When will it happen? Well, if people stick to the plan we should start seeing changes over the next 2-5 years. So let’s be positive, stop paying attention to the announcements and just the headlines and start paying attention to what is actually being said and what is actually being done.

Update: In a statement, SPAD CEO Mohd Nor Kamal stated that the regulator has not received any proposal for an MRT system in the Iskandar Region.

No proposal yet for Iskandar MRT, says SPAD (Malaysian Insider)

By Lee Wei Lian
April 13, 2011

KUALA LUMPUR, April 13 — The Land Public Transport Commission (SPAD) has not seen any proposal pertaining to the new Mass Rapid Transit (MRT) system currently being proposed for Iskandar Malaysia, its chief executive Muhd Nur Kamal [said].

This comes as the Iskandar Regional Development Authority (IRDA) said yesterday that it is considering a Mass Rapid Transit (MRT) system for the special economic zone in south Johor to help mobility in the region.

Muhd Nur said, however, that SPAD would do the necessary due diligence on any transit proposal if directed by the government.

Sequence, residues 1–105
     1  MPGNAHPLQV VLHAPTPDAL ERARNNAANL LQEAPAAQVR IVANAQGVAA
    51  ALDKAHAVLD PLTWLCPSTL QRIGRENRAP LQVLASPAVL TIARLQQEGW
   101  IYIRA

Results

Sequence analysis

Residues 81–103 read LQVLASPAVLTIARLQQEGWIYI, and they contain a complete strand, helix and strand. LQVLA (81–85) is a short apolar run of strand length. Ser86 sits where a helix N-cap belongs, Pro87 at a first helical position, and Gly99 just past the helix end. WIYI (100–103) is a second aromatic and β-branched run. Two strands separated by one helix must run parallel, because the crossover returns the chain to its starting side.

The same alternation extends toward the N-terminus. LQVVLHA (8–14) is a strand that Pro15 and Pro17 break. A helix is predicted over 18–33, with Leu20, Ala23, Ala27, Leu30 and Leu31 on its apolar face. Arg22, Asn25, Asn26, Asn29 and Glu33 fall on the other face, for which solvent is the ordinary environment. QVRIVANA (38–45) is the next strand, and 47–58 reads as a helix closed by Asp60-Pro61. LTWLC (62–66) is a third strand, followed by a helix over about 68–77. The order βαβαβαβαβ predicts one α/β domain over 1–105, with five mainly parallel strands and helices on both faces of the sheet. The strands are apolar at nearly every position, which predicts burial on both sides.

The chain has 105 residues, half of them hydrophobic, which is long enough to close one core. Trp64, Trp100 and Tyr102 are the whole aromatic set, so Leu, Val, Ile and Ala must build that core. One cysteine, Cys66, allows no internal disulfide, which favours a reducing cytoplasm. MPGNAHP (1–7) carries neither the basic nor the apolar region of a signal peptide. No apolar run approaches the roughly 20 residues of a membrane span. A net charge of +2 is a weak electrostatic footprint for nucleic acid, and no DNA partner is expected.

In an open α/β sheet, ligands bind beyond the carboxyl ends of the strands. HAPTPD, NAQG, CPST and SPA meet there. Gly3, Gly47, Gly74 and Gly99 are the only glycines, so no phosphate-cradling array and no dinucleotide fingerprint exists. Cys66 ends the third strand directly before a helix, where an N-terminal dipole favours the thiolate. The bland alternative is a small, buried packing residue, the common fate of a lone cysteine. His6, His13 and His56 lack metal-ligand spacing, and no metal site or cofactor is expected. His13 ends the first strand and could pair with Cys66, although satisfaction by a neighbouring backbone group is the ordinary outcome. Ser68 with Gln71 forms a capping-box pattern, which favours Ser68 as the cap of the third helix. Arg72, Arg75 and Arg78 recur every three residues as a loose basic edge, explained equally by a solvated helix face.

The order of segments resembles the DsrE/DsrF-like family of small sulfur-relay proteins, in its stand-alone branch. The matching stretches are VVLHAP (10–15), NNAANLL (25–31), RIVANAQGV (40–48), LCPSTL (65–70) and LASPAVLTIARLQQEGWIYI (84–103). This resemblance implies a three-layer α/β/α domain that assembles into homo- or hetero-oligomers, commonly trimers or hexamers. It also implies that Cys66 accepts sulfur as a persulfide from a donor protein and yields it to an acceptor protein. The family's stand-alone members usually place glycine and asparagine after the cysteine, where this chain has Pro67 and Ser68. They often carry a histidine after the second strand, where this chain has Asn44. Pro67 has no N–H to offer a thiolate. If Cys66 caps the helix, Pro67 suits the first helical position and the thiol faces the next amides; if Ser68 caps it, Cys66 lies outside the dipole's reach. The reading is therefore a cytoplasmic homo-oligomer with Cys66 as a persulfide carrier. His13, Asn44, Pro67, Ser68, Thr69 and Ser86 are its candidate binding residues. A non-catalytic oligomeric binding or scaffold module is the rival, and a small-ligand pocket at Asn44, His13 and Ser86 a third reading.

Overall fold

“As the regulator of railways, Suruhanjaya Pengangkutan Awam Darat (SPAD) will study any railway scheme proposal if directed by the
 Government,” Muhd Nur told The Malaysian Insider via e-mail when contacted.

The Malaysian Insider article mentions that the Iskandar Regional Development Authority is at the stage of considering an MRT system and SPAD has not received any proposal for such a system to date.

IRDA chief executive Ismail Ibrahim said in a press conference yesterday that the MRT proposal is pending approval from the Members of [the] Authority who will be meeting in May.

If the proposal is accepted, it will be developed in six phases with the first phase completed by 2020.

Ismail added that IRDA was also considering putting a Bus Rapid Transit system in place in addition to the MRT.

The IRDA chief also said that the authority was looking to see how an MRT in south Johor could integrate with Singapore’s own mass transit system.

TRANSIT Says:

Let’s wait and see what happens down in Johor.

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9 thoughts on “500km of ‘MRT’ in Iskandar, Johor? Not in our lifetime (Update #1)”

    1. Not a typo – but we’re also not sure why “MRT” was used since the plan is clearly for BRT to start – and by “to start” we mean “for at least the next 10 years if not more.”

      Regards, Moaz for TRANSIT

  1. I think this will only happens in JB after maglev has become cheap and norm in the world. God knows when. We are not going to see it in our lifetime that’s for sure!!